I know; ‘just don’t do it,’ right? The trouble is if no one does it, things fall apart and you end up having to step in after the bill hasn’t been paid, the kid’s had cold pizza for lunch every day, the car didn’t get registered and mould grew on piles of wet towels.


1. Factor in the mental load as an actual job in itself when dividing household responsibilities so you don’t do it on top of everything else.

2. Delegate whole areas of responsibility in addition to specific tasks like dishes. Eg. “I’ll stay on top of the kids’ and pets’ medical visits and you take responsibility for school lunches.”

3. I’m afraid you have to let some standards drop. Work out the most amount of domestic chaos you can tolerate and then let it go. On the plus side, when you step back, someone else might just step up.

4. Stop stepping in to make life more comfortable for others. If something doesn’t affect you (or a young child) directly, don’t do it. Instead of constantly organising and reminding, it’s more effective to let people feel the effects of their own behaviour (missed appointments, late fines etc.). Endure the mild discomfort while they have the dignity of learning for themselves.

And finally, when your partner does star taking responsibility for a new area, let them work it out on their own. Resist the urge to criticise or “rescue”. And while they’re figuring it out, grab a book, turn on Netflix, leave the house without giving instructions. Switch off and let someone else figure it out. And repeat.



Women handling the mental load
posted Jul 20, 2017 by Gowri Vimalan

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The other day, a reader wrote this: “My child is lying to get out of trouble.  My daughter is in the habit of lying in order to get out of trouble. How do I encourage her to tell the truth, even when it may mean consequences?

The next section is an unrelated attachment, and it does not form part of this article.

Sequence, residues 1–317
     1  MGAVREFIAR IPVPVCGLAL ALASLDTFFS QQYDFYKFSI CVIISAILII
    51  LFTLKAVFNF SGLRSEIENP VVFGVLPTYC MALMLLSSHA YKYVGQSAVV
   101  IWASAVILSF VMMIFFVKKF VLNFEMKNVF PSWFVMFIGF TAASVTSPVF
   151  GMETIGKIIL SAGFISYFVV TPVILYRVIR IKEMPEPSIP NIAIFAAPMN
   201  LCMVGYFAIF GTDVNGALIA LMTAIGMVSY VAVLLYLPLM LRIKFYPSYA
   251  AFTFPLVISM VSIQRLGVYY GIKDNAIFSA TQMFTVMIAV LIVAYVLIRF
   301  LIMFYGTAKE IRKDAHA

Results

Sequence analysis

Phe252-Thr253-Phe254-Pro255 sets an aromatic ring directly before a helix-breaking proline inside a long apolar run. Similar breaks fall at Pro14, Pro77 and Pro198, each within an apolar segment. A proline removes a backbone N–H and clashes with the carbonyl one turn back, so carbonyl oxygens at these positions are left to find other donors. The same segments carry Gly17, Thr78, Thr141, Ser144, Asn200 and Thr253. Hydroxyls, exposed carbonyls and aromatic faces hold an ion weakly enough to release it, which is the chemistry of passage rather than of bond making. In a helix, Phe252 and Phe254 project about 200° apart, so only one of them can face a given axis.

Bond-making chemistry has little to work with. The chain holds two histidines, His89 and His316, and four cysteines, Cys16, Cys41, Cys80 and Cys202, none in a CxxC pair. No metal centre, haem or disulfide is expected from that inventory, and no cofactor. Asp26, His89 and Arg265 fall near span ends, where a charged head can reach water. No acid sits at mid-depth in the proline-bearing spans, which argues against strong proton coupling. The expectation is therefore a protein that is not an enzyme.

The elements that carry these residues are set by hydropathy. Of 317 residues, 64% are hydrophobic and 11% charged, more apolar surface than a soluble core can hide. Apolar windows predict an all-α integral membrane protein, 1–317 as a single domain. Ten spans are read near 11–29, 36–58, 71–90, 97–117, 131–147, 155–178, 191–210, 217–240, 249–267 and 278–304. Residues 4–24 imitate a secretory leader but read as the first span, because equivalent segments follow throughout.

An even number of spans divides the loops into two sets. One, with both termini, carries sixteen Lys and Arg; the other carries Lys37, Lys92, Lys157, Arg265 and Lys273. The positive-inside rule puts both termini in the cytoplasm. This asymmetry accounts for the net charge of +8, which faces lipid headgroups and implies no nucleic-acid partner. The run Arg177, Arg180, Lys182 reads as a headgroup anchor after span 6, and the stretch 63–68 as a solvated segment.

by Becky Mansfield


So, we asked other parents to chime in and give us their best advice.  It was great, of course.  Here is what you said you do to encourage your kids to stop lying, even if it means that they might get into trouble.

  1. A fun way to work on this is to play a game together. Talk about the rules before you play.  Ask your kids what they would think if someone cheated, just to win.
  2. We always say that we would rather our kids be honest up front.  We talk to them about it (not while it is happening, but all of the time).  We want them to know that lying now is not a good idea, and the truth will always come out… even if it is much later.
  3. I check my emotions. It is easy to overreact in the moment which then can cause kids to lie because they fear your overreaction.  Take a minute and count to 20 before reacting to any situation.
  4. Share about your mistakes openly with your kids. Kids can struggle with honesty because they fear disappointing their parents. Make it a habit to talk about what you failed at so they know you are not perfect.
  5. Hold a family meeting and go over consequences. Sometimes just having open plans about things can help clear the air.  What do they do if they have done something wrong.  What should they do if they have lied?
  6. Remind your child that as they show they are honest, you will be more apt to give more freedom. My mom always said she would trust us, but when the trust gets broken, it has to be rebuilt.
  7. Be an example of what you want to see. Are you telling little white lies and your child is watching?  Try to stop yourself from doing this and just be honest with your kids (as much as you can with little children, of course.)
  8. The next time they lie, talk calmly about what happened. Why did they lie? What happened as a result? Building a strong communication line with your kids is key to building honesty.
  9. When you are working on this issue, make sure and forgive and forget. Give your child the hope that you believe they can be honest- do not label them a liar. Instead, label the action and encourage them to turn from it.  Children live up to what we expect of them.   Our words become their inner voices.